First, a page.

“Remember Merrick Garland, the veteran federal judge President Obama nominated in mid-March to fill the Supreme Court vacancy left by the death of Justice Antonin Scalia? That was 85 days ago, and Judge Garland still hasn’t gotten a hearing, much less a confirmation vote, even though he is unquestionably qualified and widely respected by Republicans and Democrats alike.
The Senate Republicans, led by Majority Leader Mitch McConnell, refuse to act because they want to deny Mr. Obama another seat on the court, regardless of the nominee’s qualifications. Meanwhile, the Supreme Court sits hamstrung, unable to deliver conclusive rulings on some of the most pressing legal issues facing the country.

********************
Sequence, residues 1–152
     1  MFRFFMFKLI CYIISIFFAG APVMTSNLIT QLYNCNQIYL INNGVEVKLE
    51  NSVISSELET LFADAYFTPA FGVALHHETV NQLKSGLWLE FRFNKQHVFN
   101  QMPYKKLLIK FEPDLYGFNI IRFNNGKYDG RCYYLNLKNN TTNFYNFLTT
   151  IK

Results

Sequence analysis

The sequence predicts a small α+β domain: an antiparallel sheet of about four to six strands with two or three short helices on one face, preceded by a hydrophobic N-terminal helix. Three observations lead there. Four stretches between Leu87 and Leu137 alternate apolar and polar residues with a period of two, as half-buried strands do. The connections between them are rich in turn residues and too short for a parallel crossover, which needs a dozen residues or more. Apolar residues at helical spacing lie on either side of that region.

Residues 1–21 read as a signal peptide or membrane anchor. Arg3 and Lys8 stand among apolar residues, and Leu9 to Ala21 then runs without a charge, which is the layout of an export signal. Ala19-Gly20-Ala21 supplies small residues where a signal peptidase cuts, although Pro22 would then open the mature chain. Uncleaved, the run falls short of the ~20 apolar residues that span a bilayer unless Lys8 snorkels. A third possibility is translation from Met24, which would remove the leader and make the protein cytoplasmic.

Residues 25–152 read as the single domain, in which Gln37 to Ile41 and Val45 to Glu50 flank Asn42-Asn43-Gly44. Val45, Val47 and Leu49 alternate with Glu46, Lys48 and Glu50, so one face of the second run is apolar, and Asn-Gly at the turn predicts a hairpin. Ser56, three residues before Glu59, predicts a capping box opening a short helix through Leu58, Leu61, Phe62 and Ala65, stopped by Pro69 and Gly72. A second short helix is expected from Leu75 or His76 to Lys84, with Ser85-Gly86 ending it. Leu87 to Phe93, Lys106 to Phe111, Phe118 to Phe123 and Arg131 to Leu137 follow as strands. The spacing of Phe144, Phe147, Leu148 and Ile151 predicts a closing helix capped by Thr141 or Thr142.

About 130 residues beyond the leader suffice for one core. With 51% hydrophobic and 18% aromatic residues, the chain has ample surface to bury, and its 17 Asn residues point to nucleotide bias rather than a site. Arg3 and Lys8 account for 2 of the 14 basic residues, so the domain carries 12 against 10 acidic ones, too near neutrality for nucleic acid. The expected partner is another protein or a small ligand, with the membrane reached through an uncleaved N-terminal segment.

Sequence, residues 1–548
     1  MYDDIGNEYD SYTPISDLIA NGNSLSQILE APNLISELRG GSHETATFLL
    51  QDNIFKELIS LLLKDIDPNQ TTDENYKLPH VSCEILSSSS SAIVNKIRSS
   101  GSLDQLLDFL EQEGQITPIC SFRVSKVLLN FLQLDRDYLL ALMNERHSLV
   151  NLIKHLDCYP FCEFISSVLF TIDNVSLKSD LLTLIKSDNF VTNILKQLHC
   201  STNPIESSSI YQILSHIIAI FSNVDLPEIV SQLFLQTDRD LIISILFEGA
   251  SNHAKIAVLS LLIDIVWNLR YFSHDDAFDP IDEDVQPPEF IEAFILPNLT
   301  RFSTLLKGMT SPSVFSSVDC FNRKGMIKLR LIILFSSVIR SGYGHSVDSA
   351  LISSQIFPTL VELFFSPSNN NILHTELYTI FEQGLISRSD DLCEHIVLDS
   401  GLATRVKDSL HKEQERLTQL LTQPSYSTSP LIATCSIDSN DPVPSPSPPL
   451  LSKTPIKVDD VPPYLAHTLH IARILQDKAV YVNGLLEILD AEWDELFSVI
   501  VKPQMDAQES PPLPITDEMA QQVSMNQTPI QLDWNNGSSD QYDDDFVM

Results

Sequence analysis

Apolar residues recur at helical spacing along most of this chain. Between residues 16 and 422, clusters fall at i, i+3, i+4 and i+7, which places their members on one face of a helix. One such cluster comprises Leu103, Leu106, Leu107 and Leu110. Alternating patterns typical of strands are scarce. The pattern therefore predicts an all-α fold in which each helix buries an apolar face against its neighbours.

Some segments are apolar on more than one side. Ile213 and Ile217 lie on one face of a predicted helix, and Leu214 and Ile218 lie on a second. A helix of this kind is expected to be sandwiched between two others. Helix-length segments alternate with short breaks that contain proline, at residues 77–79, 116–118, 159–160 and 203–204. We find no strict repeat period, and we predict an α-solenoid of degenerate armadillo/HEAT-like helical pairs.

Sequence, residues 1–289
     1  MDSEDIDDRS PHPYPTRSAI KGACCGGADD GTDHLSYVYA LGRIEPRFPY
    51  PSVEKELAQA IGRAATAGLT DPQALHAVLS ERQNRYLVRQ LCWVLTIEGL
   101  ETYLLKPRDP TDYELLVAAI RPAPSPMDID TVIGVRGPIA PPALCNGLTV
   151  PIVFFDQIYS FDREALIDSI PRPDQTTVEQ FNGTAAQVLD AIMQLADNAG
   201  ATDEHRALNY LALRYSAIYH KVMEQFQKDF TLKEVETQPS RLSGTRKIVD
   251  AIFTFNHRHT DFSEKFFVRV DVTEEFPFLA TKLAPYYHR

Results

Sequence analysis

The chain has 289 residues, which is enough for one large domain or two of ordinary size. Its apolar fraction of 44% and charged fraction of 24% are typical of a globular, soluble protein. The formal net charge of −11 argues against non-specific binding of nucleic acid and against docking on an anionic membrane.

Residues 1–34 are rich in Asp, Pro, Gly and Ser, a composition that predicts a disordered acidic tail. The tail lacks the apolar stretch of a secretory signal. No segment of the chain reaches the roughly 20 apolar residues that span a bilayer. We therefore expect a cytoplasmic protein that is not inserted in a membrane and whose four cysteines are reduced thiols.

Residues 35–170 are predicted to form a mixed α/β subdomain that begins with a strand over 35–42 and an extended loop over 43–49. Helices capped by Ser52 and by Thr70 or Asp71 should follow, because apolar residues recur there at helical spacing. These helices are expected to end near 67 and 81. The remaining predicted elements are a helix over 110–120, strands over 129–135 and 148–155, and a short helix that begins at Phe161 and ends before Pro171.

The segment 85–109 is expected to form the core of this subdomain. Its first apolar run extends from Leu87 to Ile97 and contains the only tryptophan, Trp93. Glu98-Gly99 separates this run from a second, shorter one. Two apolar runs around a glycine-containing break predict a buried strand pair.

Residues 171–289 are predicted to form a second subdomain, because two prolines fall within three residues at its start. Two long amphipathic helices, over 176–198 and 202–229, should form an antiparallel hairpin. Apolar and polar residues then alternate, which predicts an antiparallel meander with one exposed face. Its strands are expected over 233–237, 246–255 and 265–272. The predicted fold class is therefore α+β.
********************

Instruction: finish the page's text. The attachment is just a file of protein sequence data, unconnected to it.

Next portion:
The Republicans’ blockade of Judge Garland is shameful, but it is only the most glaring example of what has been a historic slowdown in filling federal court vacancies across the country. This has been enormously damaging to the district courts, which deal with hundreds of thousands of cases annually, and where backlogs drag out lawsuits and delay justice. It also harms the appeals courts, whose rulings are the final word in nearly all litigation, since the Supreme Court hears only about 75 cases a year.
How bad has it gotten? Compare the current Senate’s abysmal record with the Democratic-led Senate that President George W. Bush faced in the last two years of his administration. By June 2008, the Senate had approved 46 of Mr. Bush’s judicial nominees; they confirmed a total of 68 by September. In contrast, Mr. McConnell’s Senate has confirmed only 20 of Mr. Obama’s judges since Republicans took control in January 2015, the slowest pace since the early 1950s. Appellate judges accounted for just two of those confirmations, fewer than at any time since the 19th century.”